Adams Outcomes (ASU’s institutional learning outcomes) specify the knowledge, skills, and abilities that Adams State students are expected to develop as a result of their overall experiences with any aspect of ASU, including curricular (General Education and the majors), co-curricular, and extracurricular opportunities. These are:
- Critical thinking
- Creative thinking
- Written communication
- Oral communication
- Civic Engagement
- Foundations and skills for lifelong learning
Connections for Success
Adams Outcomes are embedded into every course. The Adams Outcomes include skills and abilities that research indicates are necessary for a highly successful life. They build from the 21st Century Skills that are integrated into most high school curricula and support the Career Competencies that employers are looking for among college graduates.
21st Century Skills
The 21st Century Skills have developed over the past forty years through extensive research on what skills, abilities, and dispositions result in lifelong success. Most states include these skills in their collection of state Standards. In Colorado, 21st Century Skills are embedded in what is now called the PWR (typically called “Power”) Standards, which is an abbreviation of the phrase “Post-Secondary Workforce Readiness.”
- Critical Thinking
- Information Literacy
- Medical Literacy
- Technology Literacy
- Social Skills
The Career Competencies were developed through ongoing research by the National Association of Colleges and Employers (NACE). In annual surveys, NACE asks employers from all industries to identify what skills they look for among their recent college graduates.
- Career and Self Development
- Critical Thinking
- Equity and Inclusion
Four areas in which Adams Outcomes create connections for success
Area I: Knowledge of Human Cultures and the Physical and Natural World
Through study in the sciences and mathematics, social sciences, humanities, histories, languages, and the arts. Focused by engagement with big questions grounded in Place-based Education which encourages the learner to contextualize knowledge within local, national, and global communities.
Area II: Intellectual and Practical Skills
Critical thinking (GT)
- Critical thinking is a habit of mind characterized by the comprehensive exploration of issues, ideas, artifacts, and events before accepting or formulating an opinion or conclusion
Creative thinking (GT)
- Creative thinking is both the capacity to combine or synthesize existing ideas, images, or expertise in original ways and the experience of thinking, reacting, and working in an imaginative way characterized by a high degree of innovation, divergent thinking, and risk taking.
Written communication (GT)
- Written communication is the development and expression of ideas in writing. Written communication involves learning to work in many genres and styles. It can involve working with many different writing technologies, and mixing texts, data, and images. Written communication abilities develop through iterative experiences across the curriculum.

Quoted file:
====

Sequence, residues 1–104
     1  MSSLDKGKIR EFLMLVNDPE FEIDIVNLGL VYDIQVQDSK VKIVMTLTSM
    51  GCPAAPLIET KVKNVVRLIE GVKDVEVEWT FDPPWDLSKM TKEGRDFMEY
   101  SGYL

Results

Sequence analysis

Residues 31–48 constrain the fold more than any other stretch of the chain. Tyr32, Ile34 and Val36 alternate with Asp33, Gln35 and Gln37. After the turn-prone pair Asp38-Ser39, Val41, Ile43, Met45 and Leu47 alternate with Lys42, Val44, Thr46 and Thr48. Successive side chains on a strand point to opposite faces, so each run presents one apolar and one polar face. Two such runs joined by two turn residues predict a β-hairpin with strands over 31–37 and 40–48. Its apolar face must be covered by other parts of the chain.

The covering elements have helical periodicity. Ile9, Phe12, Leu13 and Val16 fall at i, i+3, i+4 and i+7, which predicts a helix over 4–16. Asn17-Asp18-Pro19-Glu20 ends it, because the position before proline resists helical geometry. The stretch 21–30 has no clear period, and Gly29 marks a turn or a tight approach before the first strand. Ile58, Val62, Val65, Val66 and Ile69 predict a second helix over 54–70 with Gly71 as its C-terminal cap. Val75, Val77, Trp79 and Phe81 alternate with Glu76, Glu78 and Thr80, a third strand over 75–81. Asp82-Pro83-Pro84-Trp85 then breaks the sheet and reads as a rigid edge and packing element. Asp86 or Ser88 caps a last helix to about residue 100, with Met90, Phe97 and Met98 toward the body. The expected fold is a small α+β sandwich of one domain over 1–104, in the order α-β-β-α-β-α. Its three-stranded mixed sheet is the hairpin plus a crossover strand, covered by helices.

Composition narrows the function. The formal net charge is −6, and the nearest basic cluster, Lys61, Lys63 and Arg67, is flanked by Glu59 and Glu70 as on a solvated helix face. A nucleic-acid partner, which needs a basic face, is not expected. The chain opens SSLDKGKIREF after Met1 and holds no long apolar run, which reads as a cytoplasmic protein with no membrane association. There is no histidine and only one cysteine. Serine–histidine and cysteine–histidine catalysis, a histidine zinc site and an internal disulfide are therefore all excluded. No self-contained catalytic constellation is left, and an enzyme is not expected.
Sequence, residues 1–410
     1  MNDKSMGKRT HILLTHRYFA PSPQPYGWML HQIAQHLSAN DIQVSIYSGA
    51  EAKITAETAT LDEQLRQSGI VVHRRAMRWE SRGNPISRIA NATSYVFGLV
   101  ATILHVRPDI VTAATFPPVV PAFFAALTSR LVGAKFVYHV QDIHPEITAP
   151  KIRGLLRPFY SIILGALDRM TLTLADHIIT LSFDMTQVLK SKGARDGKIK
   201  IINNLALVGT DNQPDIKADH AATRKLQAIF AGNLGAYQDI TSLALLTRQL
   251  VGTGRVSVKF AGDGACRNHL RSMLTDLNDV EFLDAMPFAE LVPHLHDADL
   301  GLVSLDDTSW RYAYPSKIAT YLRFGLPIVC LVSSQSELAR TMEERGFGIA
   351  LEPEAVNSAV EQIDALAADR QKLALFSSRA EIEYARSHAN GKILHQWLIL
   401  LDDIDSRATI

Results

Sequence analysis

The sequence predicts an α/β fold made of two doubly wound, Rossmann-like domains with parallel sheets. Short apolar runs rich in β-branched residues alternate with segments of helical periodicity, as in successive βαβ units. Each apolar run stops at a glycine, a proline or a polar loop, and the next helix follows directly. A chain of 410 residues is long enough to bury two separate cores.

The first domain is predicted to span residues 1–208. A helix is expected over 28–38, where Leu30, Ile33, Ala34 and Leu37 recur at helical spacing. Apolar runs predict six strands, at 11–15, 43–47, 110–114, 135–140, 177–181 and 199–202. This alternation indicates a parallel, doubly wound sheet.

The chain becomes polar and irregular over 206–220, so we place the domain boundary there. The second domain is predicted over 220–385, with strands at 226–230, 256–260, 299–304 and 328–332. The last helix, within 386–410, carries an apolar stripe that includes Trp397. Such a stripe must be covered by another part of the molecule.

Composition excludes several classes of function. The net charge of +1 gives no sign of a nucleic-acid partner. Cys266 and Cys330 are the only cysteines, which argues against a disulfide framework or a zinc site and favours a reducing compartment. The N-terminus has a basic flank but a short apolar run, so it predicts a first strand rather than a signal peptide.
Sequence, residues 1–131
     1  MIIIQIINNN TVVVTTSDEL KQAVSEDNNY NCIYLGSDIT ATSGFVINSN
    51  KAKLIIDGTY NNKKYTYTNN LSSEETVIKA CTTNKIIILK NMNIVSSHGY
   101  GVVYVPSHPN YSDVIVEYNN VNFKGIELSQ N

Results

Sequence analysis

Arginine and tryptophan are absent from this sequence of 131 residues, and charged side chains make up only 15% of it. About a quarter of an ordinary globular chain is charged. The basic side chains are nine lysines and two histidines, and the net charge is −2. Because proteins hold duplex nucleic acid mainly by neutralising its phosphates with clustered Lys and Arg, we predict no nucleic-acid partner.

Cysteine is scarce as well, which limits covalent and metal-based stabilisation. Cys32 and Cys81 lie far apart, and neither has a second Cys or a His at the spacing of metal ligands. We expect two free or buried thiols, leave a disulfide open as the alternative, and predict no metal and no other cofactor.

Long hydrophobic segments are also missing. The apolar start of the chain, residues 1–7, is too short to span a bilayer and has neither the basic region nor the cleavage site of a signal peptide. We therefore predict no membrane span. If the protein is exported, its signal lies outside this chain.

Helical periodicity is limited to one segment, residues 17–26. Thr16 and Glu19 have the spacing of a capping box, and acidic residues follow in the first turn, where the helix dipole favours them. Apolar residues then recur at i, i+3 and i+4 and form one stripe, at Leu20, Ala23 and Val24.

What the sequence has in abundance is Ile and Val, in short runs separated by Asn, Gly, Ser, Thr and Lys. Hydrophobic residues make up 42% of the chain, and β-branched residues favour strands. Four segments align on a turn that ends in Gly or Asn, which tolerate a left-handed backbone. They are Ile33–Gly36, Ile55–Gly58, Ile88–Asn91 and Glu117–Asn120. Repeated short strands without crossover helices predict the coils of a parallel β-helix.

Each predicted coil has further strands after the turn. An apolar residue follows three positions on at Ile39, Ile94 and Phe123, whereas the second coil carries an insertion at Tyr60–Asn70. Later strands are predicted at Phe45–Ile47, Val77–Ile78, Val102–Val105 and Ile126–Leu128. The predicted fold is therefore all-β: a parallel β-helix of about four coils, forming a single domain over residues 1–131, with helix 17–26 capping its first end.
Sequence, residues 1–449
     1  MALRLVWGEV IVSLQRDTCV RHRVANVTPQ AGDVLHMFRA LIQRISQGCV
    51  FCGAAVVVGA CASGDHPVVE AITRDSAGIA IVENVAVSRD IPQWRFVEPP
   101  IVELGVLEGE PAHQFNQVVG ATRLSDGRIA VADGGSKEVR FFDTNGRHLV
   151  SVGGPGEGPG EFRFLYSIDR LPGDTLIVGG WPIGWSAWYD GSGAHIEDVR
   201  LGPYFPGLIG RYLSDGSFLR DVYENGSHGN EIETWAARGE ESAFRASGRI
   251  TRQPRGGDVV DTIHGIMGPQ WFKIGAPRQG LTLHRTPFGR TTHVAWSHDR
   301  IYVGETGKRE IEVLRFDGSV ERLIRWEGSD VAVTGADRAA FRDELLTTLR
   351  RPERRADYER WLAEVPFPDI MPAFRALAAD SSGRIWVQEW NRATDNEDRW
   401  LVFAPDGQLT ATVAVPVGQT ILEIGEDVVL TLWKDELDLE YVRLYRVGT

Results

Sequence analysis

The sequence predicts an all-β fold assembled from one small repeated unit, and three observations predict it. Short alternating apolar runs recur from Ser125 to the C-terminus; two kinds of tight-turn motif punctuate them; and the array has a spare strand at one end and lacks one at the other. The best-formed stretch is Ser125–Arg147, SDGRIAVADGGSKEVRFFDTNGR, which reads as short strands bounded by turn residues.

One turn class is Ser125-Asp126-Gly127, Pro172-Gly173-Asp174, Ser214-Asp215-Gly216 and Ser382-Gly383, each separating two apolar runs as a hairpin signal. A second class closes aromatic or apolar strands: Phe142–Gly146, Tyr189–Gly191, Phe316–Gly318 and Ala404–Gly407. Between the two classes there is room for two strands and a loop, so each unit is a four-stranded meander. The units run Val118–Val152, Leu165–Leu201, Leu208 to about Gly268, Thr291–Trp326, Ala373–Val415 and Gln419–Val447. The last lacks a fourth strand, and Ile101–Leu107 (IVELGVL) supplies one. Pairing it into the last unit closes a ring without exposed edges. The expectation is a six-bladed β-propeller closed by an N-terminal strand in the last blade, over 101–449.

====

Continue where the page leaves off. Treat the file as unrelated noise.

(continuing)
Oral communication (GT)
- Oral communication is a prepared, purposeful presentation designed to increase knowledge, to foster understanding, or to promote change in the listeners’ attitudes, values, beliefs, or behavior. Teamwork is behaviors under the control of individual team members (effort they put into team tasks, their manner of interacting with others on team, and the quantity and quality of contributions they make to team discussions.)
- Problem solving is the process of designing, evaluating and implementing a strategy to answer an open-ended question or achieve a desired goal.
- Teamwork is behaviors under the control of individual team members (effort they put into teams tasks, their manner of interacting with others on team, and the quantity and quality of contributions they make to team discussions.)
Practiced extensively, across the curriculum, in the context of progressively more challenging problems, projects, and standards for performance
Area III: Personal and Social Responsibility
Civic Engagement (GT)
- Civic engagement is “working to make a difference in the civic life of our communities and developing the combination of knowledge, skills, values, and motivation to make that difference. It means promoting the quality of life in a community, through both political and non-political processes.” (Excerpted from Civic Responsibility and Higher Education, edited by Thomas Ehrlich, published by Oryx Press, 2000, Preface, page vi.) In addition, civic engagement encompasses actions wherein individuals participate in activities of personal and public concern that are both individually life enriching and socially beneficial to the community.
Foundations and skills for lifelong learning
- Lifelong learning is “all purposeful learning activity, undertaken on an ongoing basis with the aim of improving knowledge, skills and competence”. An endeavor of higher education is to prepare students to be this type of learner by developing specific dispositions and skills described in this rubric while in school. (From The European Commission. 2000)
Anchored through active involvement with diverse communities with particular focus on the learner’s place in ASU’s local community and the world.
Area IV: Integrative and Applied Learning
Synthesis and advanced accomplishment across general and specialized studies
- Integrative learning is an understanding and a disposition that a student builds across the curriculum and co-curriculum, from making simple connections among ideas and experiences to synthesizing and transferring learning to new, complex situations within and beyond the campus; Demonstrated through the application of knowledge, skills, and responsibilities to new and familiar settings and through addressing complex problems.